Anterior Triangle

The anterior triangle is bounded by the anterior border of the sternocleidomastoid muscle, the anterior midline, and the body of the mandible (Figure 10-6-1). Subdivisions of the anterior triangle contain the strap muscles, the submandibular gland, the common carotid, internal carotid and external carotid arteries, and parts of cranial nerves X and XII. The strap muscles consist of a series of five pairs of muscles which have attachments to bony or cartilaginous structures adjacent to the...

Neuroscience

Prevertebral Ganglia

Reduced levels of alpha-feto protein are seen in mothers of fetuses with Down syndrome. Failure to close results in ancephaly causing polyhydraminos and increased alpha-feto protein Failure to close results in spina bifida alpha-feto protein Figure IV-1-1. Third Week Neurulation Table IV-1-1. Germ Layer Derivatives Table IV-1-1. Germ Layer Derivatives Lens of eye Anterior pituitary Parotid gland Tympanic cavity Auditory tube GI tract Neuroectoderm Neural tube Central nervous system Retina S>...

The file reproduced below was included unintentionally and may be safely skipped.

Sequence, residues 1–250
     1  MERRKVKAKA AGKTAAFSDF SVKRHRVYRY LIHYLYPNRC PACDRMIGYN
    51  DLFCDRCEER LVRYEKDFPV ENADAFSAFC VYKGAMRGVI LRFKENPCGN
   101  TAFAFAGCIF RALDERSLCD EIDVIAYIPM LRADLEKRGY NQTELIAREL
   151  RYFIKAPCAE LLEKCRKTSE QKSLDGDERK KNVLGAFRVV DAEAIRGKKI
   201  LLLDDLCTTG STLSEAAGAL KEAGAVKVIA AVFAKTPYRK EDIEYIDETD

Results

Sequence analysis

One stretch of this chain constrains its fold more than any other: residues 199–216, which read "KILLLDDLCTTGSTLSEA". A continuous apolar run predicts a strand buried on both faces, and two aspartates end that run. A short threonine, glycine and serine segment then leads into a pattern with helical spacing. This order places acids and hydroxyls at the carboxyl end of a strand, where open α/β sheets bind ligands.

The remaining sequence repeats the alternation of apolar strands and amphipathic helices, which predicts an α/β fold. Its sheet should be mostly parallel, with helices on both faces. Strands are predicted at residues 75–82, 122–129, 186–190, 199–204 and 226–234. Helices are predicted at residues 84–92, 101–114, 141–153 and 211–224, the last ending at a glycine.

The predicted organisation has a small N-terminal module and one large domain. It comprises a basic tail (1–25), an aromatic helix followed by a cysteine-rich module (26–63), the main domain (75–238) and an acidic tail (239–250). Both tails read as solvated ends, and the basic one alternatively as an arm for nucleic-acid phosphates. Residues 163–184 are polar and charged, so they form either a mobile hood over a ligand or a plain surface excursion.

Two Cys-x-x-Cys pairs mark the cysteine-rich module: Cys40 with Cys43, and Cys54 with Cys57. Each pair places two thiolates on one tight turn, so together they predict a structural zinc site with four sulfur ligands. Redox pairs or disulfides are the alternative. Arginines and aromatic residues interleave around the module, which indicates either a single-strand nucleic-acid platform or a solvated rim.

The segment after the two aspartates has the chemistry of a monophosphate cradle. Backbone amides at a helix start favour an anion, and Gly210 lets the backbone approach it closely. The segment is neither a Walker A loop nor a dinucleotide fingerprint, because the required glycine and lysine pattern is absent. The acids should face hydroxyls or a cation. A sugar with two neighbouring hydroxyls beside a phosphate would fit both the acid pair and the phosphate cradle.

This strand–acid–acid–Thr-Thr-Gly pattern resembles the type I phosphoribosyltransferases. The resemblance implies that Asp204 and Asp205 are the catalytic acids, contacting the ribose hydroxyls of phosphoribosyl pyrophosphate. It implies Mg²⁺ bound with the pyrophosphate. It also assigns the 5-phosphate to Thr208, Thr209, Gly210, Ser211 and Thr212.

Medical

Medial View Rights Eyeball

Skeletal Muscles Innervated by Cranial Nerves (continued) Table III-6-4. Skeletal Muscles Innervated by Cranial Nerves (continued) Copyright 2000 Gold Standard Multimedia, Inc. Alt rights reserved. Copyright 2000 Gold Standard Multimedia, Inc. Alt rights reserved. Figure III-6-18. Head and Neck Posteroanterior View of Skull Figure NI-6-19. Head and Neck Lateral Skull Figure 111-6-22. Head and Neck CT, Skull Figure 111-6-22. Head and Neck CT, Skull Medial Optic Lateral Rectus...

The Brain Stem

The brain stem is divisible into three continuous parts the midbrain, the pons, and the medulla. The midbrain is most rostral and begins just below the diencephalon. The pons is in the middle and is overlain by the cerebellum. The medulla is caudal to the pons and is continuous with the spinal cord. The brain stem is the home of the origins or sites of termination of fibers in 9 of the 12 cranial nerves (CN). Two cranial nerves, the oculomotor and trochlear (CN III and IV), arise from the...

Venous Drainage of the Brain and the Dural Venous Sinuses Dural venous sinuses

Dural Venous Sinus Anatomy